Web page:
Thursday, June 18, 2015

Pictures of Heartbreak, Poems in the Spokes of a Wheel

Here is how I imagined my heart:
blood compromised, made thin and blue by work schedules,
thoughtless words,
kindnesses forgotten,
mad-making obstacle dreams and stale air
arriving at the right atrium like someone stumbling in out of the snow;

Received like a guest, served coffee and cookies,
surrounded by the biological greenery outside the atrium,
this blood eventually slipping through the delicate leaflets 
of the tricuspid valve into the guest room quiet of the right ventricle.

Shall I go on? Isn't it obvious, the druggy dream of the pulmonary artery,
the bloom of new love in the left atrium,
the free fall through the mitral valve into the left ventricle
with its clocks and chimes, and finally the aorta into the unknown?
This was my concept, my imagining.

Reality was this:
An endless rain, the filth of the floodwaters bringing
boards, bodies, houses, livestock and death on a black surge,
an ink to begin my poetry with.
Within my chest, the wheel, the weird carnival,

All I had ever consumed or breathed gathered in ceremony,
children being born and let go but never let go,
the shout above the wind, the wonderful stupidity of the church tower
or widow's walk in a lightning storm,
the stanzas, the strophes, the angeldust afterbirth of all I needed to say.

Go ahead, tell the one whose love you need the most
that you are dropping out of med school,
that you are bisexual,
that you have knocked over a bank and shot the President;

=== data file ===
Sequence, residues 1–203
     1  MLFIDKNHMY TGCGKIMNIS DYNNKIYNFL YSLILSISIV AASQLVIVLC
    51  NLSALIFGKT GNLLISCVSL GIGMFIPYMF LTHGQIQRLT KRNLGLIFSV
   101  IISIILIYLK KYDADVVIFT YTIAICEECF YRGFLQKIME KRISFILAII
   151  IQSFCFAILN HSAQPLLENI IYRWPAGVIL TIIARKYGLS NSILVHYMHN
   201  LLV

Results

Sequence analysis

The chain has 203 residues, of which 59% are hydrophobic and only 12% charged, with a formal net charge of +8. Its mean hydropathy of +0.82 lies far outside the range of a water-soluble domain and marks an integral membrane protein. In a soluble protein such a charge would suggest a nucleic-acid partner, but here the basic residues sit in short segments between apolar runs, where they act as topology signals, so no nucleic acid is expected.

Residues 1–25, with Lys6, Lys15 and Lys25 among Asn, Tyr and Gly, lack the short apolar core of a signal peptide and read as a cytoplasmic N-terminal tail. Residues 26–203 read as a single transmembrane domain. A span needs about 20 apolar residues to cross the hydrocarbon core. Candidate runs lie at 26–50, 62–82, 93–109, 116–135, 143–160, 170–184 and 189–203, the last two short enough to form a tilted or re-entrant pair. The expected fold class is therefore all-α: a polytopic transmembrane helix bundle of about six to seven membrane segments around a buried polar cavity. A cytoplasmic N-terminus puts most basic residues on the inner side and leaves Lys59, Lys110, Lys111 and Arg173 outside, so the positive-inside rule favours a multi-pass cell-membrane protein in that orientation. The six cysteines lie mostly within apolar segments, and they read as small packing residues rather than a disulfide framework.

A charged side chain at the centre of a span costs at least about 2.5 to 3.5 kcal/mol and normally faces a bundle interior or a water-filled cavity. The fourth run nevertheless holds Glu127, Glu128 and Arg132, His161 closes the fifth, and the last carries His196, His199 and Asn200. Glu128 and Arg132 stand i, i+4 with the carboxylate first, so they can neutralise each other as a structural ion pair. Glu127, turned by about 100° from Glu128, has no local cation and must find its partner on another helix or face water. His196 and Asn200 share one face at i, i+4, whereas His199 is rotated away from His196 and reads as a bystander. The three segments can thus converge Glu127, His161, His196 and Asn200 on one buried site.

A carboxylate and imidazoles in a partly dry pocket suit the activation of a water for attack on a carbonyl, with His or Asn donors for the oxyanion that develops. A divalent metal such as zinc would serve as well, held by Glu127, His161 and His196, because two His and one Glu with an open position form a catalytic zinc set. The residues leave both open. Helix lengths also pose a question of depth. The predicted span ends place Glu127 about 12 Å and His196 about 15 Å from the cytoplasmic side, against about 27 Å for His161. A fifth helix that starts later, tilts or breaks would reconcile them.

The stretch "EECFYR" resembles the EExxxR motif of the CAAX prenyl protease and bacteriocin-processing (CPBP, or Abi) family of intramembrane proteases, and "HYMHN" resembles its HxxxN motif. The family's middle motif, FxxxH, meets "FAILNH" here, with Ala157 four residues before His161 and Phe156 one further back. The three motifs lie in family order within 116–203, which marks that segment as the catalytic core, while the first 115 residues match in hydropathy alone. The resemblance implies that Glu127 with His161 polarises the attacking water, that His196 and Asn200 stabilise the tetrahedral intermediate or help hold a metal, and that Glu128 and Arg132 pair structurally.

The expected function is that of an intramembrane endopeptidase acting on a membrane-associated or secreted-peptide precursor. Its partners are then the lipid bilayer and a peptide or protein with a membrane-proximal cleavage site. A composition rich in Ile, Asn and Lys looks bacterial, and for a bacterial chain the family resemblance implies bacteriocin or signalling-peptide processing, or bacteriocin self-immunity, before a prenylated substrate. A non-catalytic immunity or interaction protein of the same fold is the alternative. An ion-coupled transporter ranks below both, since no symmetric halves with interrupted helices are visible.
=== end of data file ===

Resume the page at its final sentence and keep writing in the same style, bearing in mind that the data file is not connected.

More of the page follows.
they may forgive you, or at least pretend to.

Finally, tell them you are a poet and watch them walk away.
Feel the flood, the fever and fire--
then, dear heart, start writing.

for Fireblossom Friday at Real Toads




Sioux said...

The fifth stanza left me breathless, and then the last one hammered it home.

I hope you toiled for days on this (I'm sure that is NOT the case). Otherwise, I'm quite POed.

Anonymous said...

In this moment, this is the best thing I've ever read. I think I may cry.

Outlawyer said...

Hey Shay (who may not need so much privacy), another wonderful poem. Great leaps here amid the immediacy and urgency of the writing and the need to write--wonderful little coves in the poem--like the guest room-- I don't tell many people I write poetry, or novels! I hope they would not react that way, but not sure that they want a lawyer poet! Anyway, thanks. k.

Gail said...

Sad. All out of "Picture this..."

hedgewitch said...

This is one of those poems that really does talk in pictures, images made by careful layers of detail inviting immersion and comparison, and most of all intuitive, emotional response. Poems of the heart only seem to roll out on wheels with broken spokes, but they travel, somehow, much farther than we can imagine. I could quote a dozen lines from this, but will just do these ones that rocked me back on my heels:

'..the shout above the wind, the wonderful stupidity of the church tower
or widow's walk in a lightning storm,
the stanzas, the strophes, the angeldust afterbirth of all I needed to say...'

Sherry Blue Sky said...

Oh. My. Goodness. You have outdone yourself. This is amazing, in concept and in the left atrium, the guest room quiet of the right ventricle....and then the flood full of bodies and boards........."within my chest, the wheel, the weird carnival." And then your closing lines. This is magnificent to read, to picture and to ponder - on just how far-reaching a poem can fly, and how boundless is your poetic sky.

Sanaa Rizvi said...

Reality was this:
An endless rain, the filth of the floodwaters bringing
boards, bodies, houses, livestock and death on a black surge,
an ink to begin my poetry with.

Absolutely amazing :D such a heartfelt pen.

Sanaa Rizvi said...
This comment has been removed by the author.
Mama Zen said...

I'm tucking this away and keeping it somewhere secret and safe. One of your best, one of my favorites, and words to live by.

Sherry Blue Sky said...

LOVE the video!!!!!